Gold Price Ends Lower On Strengthening Dollar, Equity Markets
New York (Sept 3) Gold futures ended lower for a second straight session Thursday, as the continued uptick in global stock markets lured investors to the riskier assets, limiting the safe haven appeal of the precious metal with little support from a strengthening U.S. dollar.
Gold prices also reacted to some upbeat U.S. data that may tempt the Federal Reserve to raise interest rates despite China headwinds.
The European Central Bank in a significant move decided to leave its interest rates unchanged. ECB President Mario Draghi's dovish comments at the press conference hinting that the central bank may consider further stimulus measures, provided a shot in the arm for markets.
In some mixed economic news, the U.S. trade deficit narrowed more than expected in July, but weekly jobless claims increased more than anticipated. Investors now eagerly await the release of the employment report on Friday, which could give a strong indication of whether the Fed will decide to raise interest rates in September.
U.S. stocks were poised for modest gains this morning, limiting gold's safe haven appeal.
Gold for December delivery, the most actively traded contract, dropped $9.10 or 0.8 percent, to settle at $1,124.50 an ounce, on the Comex division of the New York Mercantile Exchange on Thursday.
Gold for December delivery scaled an intraday high of $1,133.80 and a low of $1,121.00 an ounce.
On Tuesday, gold prices for December delivery dropped $6.20 or 0.5 percent, to settle at $1,133.60 an ounce, as investors turned to the riskier equity assets after global stock markets rebounded and the dollar trended higher on some upbeat economic data from the U.S.
Holdings of SPDR Gold Trust, the world's largest gold-backed exchange-traded fund, remained unchanged at 682.59 tons on Thursday from its previous close.
The dollar index, which tracks the U.S. unit against six major currencies, traded at 96.29 on Thursday, up from its previous close of 95.98 in late North American trade on Wednesday. The dollar scaled a high of 96.62 intraday and a low of 95.79.
The euro trended lower against the dollar at $1.1140 on Thursday, as compared to its previous close of $1.1227 in North American trade late Wednesday. The euro scaled a high of $1.1245 intraday and a low of $1.1089.
On the economic front, a Labor Department report on Thursday showed first-time claims for U.S. unemployment benefits rose more than expected in the week ended August 29, a day ahead of tomorrow's monthly jobs data. Initial jobless claims climbed to 282,000, an increase of 12,000 from the previous week's revised level of 270,000. Economists expected jobless claims to edge up to 273,000 from the 271,000 originally reported for the previous week.
With the value of exports rising and the value of imports falling, a Commerce Department report on Thursday showed U.S. trade deficit to have narrowed notably in July. The trade deficit narrowed to $41.9 billion in July from a revised $45.2 billion in June. The deficit was the smallest since February. Economists expected the deficit to narrow to $42.0 billion from the $43.8 billion originally reported for the previous month.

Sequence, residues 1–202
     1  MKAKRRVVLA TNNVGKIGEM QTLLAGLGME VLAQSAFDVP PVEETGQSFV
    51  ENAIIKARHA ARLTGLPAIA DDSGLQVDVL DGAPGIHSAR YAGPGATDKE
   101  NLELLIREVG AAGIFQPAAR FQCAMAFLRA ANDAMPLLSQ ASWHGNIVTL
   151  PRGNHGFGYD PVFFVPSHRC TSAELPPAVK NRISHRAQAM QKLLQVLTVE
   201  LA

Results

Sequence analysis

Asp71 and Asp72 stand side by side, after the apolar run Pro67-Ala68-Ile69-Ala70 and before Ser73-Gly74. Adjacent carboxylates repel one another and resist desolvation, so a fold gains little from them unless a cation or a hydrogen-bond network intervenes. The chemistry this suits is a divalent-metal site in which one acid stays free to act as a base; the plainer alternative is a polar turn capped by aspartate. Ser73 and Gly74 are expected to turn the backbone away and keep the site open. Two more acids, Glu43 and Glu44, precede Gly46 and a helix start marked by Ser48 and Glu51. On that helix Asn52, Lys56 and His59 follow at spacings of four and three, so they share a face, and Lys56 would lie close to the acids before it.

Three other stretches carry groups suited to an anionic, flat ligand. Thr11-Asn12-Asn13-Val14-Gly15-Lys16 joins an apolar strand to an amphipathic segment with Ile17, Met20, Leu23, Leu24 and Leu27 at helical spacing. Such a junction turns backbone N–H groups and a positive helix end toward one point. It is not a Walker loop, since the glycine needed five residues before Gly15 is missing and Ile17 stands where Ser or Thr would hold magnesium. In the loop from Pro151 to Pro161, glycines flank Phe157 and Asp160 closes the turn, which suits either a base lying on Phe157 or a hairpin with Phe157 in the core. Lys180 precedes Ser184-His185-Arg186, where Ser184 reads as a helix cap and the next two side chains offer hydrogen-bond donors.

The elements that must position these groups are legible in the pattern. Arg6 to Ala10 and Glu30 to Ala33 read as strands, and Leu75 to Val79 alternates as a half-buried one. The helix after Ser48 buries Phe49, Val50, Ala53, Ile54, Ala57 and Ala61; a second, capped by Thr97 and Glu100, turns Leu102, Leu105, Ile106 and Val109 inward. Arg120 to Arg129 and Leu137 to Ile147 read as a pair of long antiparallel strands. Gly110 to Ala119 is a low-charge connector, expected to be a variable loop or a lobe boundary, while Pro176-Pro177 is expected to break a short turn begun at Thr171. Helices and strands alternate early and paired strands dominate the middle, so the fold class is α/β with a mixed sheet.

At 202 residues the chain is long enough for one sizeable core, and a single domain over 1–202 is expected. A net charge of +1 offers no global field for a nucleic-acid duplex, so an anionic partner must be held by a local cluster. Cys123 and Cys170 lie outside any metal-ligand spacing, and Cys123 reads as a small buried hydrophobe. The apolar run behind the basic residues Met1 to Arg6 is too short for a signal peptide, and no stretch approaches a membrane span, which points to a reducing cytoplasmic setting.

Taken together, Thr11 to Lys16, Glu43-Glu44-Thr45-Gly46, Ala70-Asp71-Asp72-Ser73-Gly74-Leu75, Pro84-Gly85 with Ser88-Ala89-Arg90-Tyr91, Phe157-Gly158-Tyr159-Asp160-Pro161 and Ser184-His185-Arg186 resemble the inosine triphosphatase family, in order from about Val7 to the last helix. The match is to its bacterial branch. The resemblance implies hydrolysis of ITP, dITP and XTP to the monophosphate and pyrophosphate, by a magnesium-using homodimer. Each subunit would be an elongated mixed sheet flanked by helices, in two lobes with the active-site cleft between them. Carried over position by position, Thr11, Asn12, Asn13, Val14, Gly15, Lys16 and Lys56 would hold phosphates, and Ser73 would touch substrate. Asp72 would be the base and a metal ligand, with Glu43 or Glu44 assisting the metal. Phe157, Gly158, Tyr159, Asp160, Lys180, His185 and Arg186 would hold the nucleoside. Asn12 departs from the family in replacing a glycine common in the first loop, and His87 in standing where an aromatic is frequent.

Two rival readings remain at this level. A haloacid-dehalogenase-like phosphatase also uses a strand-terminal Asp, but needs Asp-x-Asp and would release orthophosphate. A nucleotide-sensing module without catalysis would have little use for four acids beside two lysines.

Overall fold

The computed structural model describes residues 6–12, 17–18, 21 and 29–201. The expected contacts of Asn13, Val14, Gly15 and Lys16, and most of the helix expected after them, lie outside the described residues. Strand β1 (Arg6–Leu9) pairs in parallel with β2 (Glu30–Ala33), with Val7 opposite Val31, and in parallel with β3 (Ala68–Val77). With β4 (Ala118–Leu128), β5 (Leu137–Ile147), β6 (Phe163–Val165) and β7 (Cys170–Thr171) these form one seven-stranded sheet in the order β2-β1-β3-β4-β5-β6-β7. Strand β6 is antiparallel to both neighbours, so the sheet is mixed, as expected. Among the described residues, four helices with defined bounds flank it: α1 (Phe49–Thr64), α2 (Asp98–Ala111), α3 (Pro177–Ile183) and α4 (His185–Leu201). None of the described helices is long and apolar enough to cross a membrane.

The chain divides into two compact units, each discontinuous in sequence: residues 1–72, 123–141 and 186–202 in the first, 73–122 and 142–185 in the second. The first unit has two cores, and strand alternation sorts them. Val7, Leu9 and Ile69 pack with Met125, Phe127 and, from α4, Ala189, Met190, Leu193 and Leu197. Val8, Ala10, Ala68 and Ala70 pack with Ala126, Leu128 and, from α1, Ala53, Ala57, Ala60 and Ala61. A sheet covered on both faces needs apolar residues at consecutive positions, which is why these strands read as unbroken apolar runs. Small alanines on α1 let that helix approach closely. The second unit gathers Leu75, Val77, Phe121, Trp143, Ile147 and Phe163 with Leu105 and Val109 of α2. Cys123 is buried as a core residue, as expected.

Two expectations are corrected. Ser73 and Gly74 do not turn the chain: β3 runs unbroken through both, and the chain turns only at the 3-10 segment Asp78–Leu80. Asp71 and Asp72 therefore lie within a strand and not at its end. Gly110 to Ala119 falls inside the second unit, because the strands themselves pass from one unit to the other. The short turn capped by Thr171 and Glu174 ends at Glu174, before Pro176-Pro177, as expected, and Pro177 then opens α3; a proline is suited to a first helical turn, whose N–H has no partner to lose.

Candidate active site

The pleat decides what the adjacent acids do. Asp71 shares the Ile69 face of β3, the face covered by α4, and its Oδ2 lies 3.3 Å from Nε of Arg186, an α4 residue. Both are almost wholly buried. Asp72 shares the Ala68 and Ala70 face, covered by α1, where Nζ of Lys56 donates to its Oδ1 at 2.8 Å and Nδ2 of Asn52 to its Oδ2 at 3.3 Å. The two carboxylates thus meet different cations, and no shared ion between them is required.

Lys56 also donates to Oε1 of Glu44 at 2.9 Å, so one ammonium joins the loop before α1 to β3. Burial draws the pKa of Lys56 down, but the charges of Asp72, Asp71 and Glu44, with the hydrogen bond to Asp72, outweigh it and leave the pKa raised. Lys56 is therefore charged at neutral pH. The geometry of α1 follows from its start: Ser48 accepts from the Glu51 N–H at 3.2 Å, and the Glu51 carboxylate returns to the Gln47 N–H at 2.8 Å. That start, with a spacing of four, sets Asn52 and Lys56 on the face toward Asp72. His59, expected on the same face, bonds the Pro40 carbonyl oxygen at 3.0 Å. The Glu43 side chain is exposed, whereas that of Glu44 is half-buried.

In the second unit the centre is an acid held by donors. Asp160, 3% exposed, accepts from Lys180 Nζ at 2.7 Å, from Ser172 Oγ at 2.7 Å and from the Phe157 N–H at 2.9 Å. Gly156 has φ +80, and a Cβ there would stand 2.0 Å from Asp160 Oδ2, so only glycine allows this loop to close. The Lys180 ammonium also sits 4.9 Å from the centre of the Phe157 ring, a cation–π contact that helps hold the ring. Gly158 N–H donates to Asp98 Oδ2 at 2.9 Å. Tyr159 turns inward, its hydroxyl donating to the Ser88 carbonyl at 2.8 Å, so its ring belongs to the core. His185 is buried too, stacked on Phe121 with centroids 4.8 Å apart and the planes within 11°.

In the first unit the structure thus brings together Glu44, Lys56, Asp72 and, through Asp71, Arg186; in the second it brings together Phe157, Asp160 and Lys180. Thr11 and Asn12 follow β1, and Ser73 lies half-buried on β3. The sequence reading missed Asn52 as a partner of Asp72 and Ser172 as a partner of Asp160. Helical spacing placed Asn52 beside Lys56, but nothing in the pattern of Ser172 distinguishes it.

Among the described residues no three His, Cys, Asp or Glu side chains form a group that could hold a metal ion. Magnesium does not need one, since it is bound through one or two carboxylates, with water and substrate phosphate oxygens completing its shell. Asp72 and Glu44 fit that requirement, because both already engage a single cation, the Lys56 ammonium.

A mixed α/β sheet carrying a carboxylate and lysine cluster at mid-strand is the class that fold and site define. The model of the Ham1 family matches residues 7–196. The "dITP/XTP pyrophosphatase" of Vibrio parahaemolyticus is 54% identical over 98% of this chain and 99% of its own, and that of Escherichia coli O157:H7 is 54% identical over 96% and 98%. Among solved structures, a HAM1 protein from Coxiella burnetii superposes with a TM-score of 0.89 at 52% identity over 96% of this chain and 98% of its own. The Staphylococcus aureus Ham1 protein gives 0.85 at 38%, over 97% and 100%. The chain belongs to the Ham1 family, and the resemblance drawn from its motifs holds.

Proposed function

After reporting a substantial acceleration in the pace of U.S. service sector growth in the previous month, a report from the Institute for Supply Management on Thursday showed a modest slowdown in the pace of growth in August. The ISM's non-manufacturing index edged down to 59.0 in August from 60.3 in July, although a reading above 50 indicates continued growth in the service sector. Economists expected the index to dip to 58.5.
Eurozone retail sales increased in July after falling a month ago, data from Eurostat showed Thursday. Retail sales advanced 0.4 percent in July from the prior month, reversing a revised 0.2 percent fall in June. This was the fastest growth in three months. Economists had forecast sales to grow at a faster pace of 0.5 percent. The figure for June was revised from a 0.6 percent fall initially estimated.
Eurozone private sector growth improved more than estimated in August, final data from Markit showed Thursday. The final composite output index rose to 54.3 in August from 53.9 in July. The flash reading for August was 54.1. Output growth accelerated moderately in both the manufacturing and service sectors.
Germany's private sector growth accelerated more than initially estimated to a 5-month high in August, final data from Markit showed Thursday. The composite output index rose to 55 in August from 53.7 in July. The flash reading for August was 54.0. The index signaled the strongest increase in private sector output since March.
The French private sector growth slowed more than estimated to a 7-month low in August, final data from Markit showed Thursday. The final composite output index fell to 50.2 in August from 51.5 in July. It was well below the flash score of 51.3.
French unemployment rate held steady in the three months ended June, in line with expectations, figures from the statistical office Insee showed Thursday. The jobless rate, measured according to International Labor Organization, or ILO, standards, came in at 10.3 percent in the second quarter, the same rate as in the previous month. The figure was also matched with consensus estimate.
British services sector expanded at its weakest rate in over two years casting doubt about sustainability of economic growth into third quarter, a closely watched survey revealed Thursday. The services Purchasing Managers' Index dropped to 55.6, which was the weakest score since May 2013, survey results from Markit Economics and the Chartered Institute of Procurement & Supply showed. That was in contrast to economists' expectation for a modest improvement in the reading to 57.7 from 57.4 in July. The growth slowed for second straight month.